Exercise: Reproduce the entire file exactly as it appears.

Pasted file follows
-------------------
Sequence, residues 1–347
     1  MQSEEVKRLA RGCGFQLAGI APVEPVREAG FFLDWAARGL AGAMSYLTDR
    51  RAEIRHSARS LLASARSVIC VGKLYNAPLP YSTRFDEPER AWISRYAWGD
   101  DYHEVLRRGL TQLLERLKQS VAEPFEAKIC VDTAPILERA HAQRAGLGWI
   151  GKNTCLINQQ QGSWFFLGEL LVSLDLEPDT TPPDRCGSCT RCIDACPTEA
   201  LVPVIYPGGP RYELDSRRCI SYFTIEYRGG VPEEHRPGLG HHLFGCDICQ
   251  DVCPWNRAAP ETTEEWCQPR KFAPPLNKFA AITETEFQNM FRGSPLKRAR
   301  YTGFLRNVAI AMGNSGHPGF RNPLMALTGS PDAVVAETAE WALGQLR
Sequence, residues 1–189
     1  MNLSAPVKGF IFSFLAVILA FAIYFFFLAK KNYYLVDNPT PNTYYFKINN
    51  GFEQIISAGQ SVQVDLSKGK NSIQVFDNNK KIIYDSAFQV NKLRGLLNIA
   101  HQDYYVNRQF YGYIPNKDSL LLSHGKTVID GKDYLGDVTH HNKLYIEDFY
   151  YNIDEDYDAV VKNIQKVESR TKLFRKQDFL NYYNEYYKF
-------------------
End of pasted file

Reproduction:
Sequence, residues 1–347
     1  MQSEEVKRLA RGCGFQLAGI APVEPVREAG FFLDWAARGL AGAMSYLTDR
    51  RAEIRHSARS LLASARSVIC VGKLYNAPLP YSTRFDEPER AWISRYAWGD
   101  DYHEVLRRGL TQLLERLKQS VAEPFEAKIC VDTAPILERA HAQRAGLGWI
   151  GKNTCLINQQ QGSWFFLGEL LVSLDLEPDT TPPDRCGSCT RCIDACPTEA
   201  LVPVIYPGGP RYELDSRRCI SYFTIEYRGG VPEEHRPGLG HHLFGCDICQ
   251  DVCPWNRAAP ETTEEWCQPR KFAPPLNKFA AITETEFQNM FRGSPLKRAR
   301  YTGFLRNVAI AMGNSGHPGF RNPLMALTGS PDAVVAETAE WALGQLR
Sequence, residues 1–189
     1  MNLSAPVKGF IFSFLAVILA FAIYFFFLAK KNYYLVDNPT PNTYYFKINN
    51  GFEQIISAGQ SVQVDLSKGK NSIQVFDNNK KIIYDSAFQV NKLRGLLNIA
   101  HQDYYVNRQF YGYIPNKDSL LLSHGKTVID GKDYLGDVTH HNKLYIEDFY
   151  YNIDEDYDAV VKNIQKVESR TKLFRKQDFL NYYNEYYKF